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Sometimes being a feminist sucks

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Normally I take pride in referring to myself as a feminist, but certain situations within and outside of the “feminist community” make it hard for me to stick with the cause.

Most often people misinterpret the goal of feminism because the word “feminine” is in it. They think we’re only interested in uplifting women even though feminism, by definition, is the belief that men and women should have equal rights and opportunities. Feminists don’t see themselves as superior; they simply see themselves as people trying to level the playing field.

Feminism challenges the notion of “womanhood” rather than celebrating it. While women do enjoy the luxury of being left out of military drafts, being able to open up about feelings and emotions, and other things, we also experience higher risks of sexual abuse, economic or political disadvantage, and the denial of some basic human rights. Feminism doesn’t preach that women are better than men, but rather that women are just as good as men.

Identifying as a feminist is also difficult because people believe we are extremists, when in fact, there is only a small group of extreme feminists who happen to speak louder than the rest of the community. Additionally, certain celebrities who claim the title of feminist seem to be unaware of the definition of feminism.

Quite frankly, these celebrities like Lena Dunham and Amy Schumer don’t tend to acknowledge the struggles of other women. They seem disinterested in the rights of women of color and also women of the LGBT+ community; for example, Schumer said in an interview with Ellen DeGeneres that she had gone to a lesbian club and was upset because she didn’t get hit on, as if she would automatically attract women because she is a woman. They seem to ignore the fact that some women experience more struggles than others, as if no woman could have a harder life than them.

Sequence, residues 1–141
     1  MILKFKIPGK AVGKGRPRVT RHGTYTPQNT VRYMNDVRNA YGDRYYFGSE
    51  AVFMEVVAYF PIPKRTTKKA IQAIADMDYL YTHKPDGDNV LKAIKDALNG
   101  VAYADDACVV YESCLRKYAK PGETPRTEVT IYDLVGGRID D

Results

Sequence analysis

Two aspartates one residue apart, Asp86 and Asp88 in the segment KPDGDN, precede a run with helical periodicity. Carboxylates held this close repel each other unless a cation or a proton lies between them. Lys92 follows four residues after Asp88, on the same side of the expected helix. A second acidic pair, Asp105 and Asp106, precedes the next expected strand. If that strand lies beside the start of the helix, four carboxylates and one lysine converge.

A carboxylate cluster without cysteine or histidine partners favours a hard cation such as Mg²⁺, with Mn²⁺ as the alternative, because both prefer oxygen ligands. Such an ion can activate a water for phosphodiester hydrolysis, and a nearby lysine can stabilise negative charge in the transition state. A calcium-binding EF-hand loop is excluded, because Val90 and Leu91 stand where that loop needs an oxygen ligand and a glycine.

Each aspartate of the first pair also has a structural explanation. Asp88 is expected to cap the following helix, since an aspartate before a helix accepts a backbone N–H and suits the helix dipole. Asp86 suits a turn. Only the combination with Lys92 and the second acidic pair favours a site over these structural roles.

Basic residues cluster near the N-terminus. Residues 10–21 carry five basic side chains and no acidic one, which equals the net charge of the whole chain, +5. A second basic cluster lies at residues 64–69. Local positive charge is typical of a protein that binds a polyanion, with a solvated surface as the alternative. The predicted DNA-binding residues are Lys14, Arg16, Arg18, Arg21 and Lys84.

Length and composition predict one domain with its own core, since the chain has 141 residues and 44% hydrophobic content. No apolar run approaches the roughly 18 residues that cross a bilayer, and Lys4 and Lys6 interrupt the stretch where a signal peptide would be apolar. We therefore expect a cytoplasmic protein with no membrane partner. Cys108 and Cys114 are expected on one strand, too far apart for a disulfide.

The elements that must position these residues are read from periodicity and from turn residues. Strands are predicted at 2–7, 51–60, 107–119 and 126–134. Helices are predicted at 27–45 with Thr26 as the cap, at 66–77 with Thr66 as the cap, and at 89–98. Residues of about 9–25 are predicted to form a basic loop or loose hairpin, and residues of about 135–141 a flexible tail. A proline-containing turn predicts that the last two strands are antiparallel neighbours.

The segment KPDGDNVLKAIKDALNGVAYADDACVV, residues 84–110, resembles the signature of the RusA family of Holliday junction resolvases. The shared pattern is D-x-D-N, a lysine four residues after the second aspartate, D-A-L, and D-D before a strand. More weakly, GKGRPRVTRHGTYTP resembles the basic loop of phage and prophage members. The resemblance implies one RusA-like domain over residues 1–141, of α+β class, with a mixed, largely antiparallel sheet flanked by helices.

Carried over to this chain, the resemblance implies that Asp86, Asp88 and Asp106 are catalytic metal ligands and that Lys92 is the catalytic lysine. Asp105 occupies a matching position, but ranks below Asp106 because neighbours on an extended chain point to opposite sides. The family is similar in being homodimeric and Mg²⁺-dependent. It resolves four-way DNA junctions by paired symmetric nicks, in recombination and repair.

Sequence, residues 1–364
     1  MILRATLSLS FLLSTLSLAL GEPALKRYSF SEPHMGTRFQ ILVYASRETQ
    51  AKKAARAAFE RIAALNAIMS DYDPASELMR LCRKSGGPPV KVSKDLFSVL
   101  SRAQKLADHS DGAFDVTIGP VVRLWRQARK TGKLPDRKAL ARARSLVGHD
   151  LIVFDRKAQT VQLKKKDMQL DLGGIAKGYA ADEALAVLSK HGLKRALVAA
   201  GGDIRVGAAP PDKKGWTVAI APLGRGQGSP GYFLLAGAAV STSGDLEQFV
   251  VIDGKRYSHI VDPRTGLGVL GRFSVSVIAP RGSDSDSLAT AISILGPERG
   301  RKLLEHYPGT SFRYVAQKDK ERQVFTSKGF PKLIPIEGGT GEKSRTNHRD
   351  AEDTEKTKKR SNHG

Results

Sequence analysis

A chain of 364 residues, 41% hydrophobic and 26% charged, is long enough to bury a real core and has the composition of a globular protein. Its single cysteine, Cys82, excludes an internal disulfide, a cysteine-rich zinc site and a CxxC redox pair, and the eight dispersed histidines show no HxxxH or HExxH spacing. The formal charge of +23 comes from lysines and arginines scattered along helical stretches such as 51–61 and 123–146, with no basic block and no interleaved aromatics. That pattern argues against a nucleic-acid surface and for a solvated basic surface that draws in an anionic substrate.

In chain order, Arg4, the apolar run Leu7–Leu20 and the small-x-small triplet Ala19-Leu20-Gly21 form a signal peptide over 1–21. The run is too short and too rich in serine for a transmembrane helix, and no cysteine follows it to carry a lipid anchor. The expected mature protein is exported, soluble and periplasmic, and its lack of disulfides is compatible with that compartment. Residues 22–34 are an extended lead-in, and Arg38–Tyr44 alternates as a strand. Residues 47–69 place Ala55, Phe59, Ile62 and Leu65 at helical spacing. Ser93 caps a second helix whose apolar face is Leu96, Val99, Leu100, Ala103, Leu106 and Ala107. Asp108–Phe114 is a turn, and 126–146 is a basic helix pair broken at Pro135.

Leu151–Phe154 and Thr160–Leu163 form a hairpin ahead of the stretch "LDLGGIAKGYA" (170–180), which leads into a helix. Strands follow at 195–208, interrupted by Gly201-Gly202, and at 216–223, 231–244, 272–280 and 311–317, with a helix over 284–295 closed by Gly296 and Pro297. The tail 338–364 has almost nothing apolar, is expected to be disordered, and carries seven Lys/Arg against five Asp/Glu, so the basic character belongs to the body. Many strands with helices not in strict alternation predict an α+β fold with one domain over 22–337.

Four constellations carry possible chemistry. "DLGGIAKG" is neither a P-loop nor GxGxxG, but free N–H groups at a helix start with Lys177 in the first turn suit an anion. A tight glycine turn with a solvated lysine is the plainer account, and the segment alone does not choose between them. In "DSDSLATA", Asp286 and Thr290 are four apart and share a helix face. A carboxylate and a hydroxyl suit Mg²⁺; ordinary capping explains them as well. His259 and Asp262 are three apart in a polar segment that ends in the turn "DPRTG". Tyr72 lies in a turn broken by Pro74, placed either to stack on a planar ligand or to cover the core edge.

This doesn’t go to discourage all celebrity feminists and persuade people to stop looking up to some, because there are plenty of famous feminists that are worthy of being role models, but this does go to discourage celebrity feminists who don’t acknowledge their privileges and advantages. John Legend, Emma Watson, and Lupita Nyong’o are great examples of people who advocate for equality for the right reasons. And yes, in reference to John Legend, people can be male and a feminist.

I also struggle to own up about my feminism because we apparently can’t be feminine since it’s “bad.” This has always confused me because the true feminist view of femininity and masculinity is that the words mean absolutely nothing. There is nothing wrong with liking to wear skirts or your favorite color being pink. The idea that one has to be considered feminine because they wear, like, or act in a certain way is a bit ridiculous. If I choose to wear a floral skirt or pants, it’s because I think I look cute in them, not because I’m trying to assert the fact that I’m feminine.

In short, being a feminist is about fighting for equality between all genders and races. As a feminist, I don’t fight for women to be better than men, I don’t fight for just women I relate to, and I don’t bash people for how they express themselves. I fight because I don’t enjoy being seen as the inferior sex for arbitrary reasons.

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